Brooklyn Museum Presents an Exhibition of Artist-Made Zines

Copy Machine Manifestos: Artists Who Make Zines is on view at the Brooklyn Museum November 17 through March 31, 2024.

Before the advent of augmented reality or the digital town square, people on the margins of society communed between the pages of zines establishing safer spaces, constructing alternative realities, and voicing dissent. These distinctly visual, often self-published booklets proliferated during the late 20th century using newly accessible technologies. But until now, few have celebrated the significance of these cultural ephemera.

Copy Machine Manifestos: Artists Who Make Zines—on view at the Brooklyn Museum November 17 through March 31, 2024—is the first show dedicated to such works by North American artists, examining how the aesthetic practice evolved over the past half century while contextualizing it within the lineage of art history.

Composed of some 800 artifacts, Copy Machine Manifestos’ monumental undertaking is organized by Branden W. Joseph, Frank Gallipoli Professor of Modern and Contemporary Art at Columbia University, and Drew Sawyer, Sondra Gilman Curator of Photography at the Whitney Museum of American Art. It will also feature an accompanying catalog of the same name.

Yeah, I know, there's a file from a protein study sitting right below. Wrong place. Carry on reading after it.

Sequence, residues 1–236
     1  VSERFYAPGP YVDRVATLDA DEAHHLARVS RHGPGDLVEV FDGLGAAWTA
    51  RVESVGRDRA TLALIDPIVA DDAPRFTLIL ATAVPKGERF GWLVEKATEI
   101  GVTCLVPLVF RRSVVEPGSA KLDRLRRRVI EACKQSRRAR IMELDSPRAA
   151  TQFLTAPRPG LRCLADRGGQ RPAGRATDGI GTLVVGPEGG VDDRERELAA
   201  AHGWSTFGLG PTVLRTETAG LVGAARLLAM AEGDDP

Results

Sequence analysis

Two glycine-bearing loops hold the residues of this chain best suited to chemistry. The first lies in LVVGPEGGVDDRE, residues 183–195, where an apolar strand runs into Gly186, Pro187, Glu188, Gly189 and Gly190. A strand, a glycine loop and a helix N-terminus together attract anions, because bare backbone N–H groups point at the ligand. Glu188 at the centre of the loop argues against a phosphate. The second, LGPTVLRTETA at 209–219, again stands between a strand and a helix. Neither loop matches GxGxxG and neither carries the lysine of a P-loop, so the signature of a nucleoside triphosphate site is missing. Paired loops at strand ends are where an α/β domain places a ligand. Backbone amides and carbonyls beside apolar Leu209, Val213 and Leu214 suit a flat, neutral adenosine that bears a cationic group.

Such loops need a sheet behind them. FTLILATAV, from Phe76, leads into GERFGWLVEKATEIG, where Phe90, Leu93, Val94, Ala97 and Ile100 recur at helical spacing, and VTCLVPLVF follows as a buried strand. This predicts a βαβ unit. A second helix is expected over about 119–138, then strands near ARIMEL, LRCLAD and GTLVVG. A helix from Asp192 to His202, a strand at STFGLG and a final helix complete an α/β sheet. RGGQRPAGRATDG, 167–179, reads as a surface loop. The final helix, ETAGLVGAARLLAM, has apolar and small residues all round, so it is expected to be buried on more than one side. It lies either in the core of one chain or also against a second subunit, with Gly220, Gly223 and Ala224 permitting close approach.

The robust survey of early mailers, poster pages, shape-shifting inserts, and unfurled printed matter—highlighting a sliver of the canon—is roughly organized by chronology and further parsed by social networks from the 1970s through today. Presented as genres, narratives include the Correspondence Scene, Punk Explosion, Queer and Feminist Undergrounds, Subcultural Topologies, Critical Promiscuity, and A Continuing Legacy. Much of the material honors authors, artisans, and outliers who drew inspiration from their subcultures to challenge institutions.

Works like Jordan Nassar’s saddle-stitched We Were Here First are finished with colored twine showcasing their haptic nature, while editor Linda Simpson’s My Comrade subverts the gatekeeping of traditional distribution channels with its xeroxed cut-and-paste composition.

Whereas contemporary digital media are often an exercise in—and sometimes victim of—man’s own hubris, this form of slow journalism still captivates audiences. “It is far from nostalgic or outmoded,” says Joseph. “The photocopied and printed zine remains a vibrant means of artistic expression.” 

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